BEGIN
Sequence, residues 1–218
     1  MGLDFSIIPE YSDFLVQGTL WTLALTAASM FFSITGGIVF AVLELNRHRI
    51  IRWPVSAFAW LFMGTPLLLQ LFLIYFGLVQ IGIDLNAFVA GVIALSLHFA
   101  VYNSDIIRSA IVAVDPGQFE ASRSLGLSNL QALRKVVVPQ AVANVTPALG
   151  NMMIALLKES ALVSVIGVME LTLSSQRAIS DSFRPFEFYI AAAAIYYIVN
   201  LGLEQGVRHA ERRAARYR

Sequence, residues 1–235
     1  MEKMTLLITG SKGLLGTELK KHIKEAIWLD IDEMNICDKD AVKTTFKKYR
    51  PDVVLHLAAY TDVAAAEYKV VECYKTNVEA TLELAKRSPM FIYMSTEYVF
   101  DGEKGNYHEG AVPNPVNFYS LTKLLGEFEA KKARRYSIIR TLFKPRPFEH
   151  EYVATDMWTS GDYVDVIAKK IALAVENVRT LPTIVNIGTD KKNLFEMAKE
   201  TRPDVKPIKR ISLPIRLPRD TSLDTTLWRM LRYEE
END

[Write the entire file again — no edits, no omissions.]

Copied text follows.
Sequence, residues 1–218
     1  MGLDFSIIPE YSDFLVQGTL WTLALTAASM FFSITGGIVF AVLELNRHRI
    51  IRWPVSAFAW LFMGTPLLLQ LFLIYFGLVQ IGIDLNAFVA GVIALSLHFA
   101  VYNSDIIRSA IVAVDPGQFE ASRSLGLSNL QALRKVVVPQ AVANVTPALG
   151  NMMIALLKES ALVSVIGVME LTLSSQRAIS DSFRPFEFYI AAAAIYYIVN
   201  LGLEQGVRHA ERRAARYR

Sequence, residues 1–235
     1  MEKMTLLITG SKGLLGTELK KHIKEAIWLD IDEMNICDKD AVKTTFKKYR
    51  PDVVLHLAAY TDVAAAEYKV VECYKTNVEA TLELAKRSPM FIYMSTEYVF
   101  DGEKGNYHEG AVPNPVNFYS LTKLLGEFEA KKARRYSIIR TLFKPRPFEH
   151  EYVATDMWTS GDYVDVIAKK IALAVENVRT LPTIVNIGTD KKNLFEMAKE
   201  TRPDVKPIKR ISLPIRLPRD TSLDTTLWRM LRYEE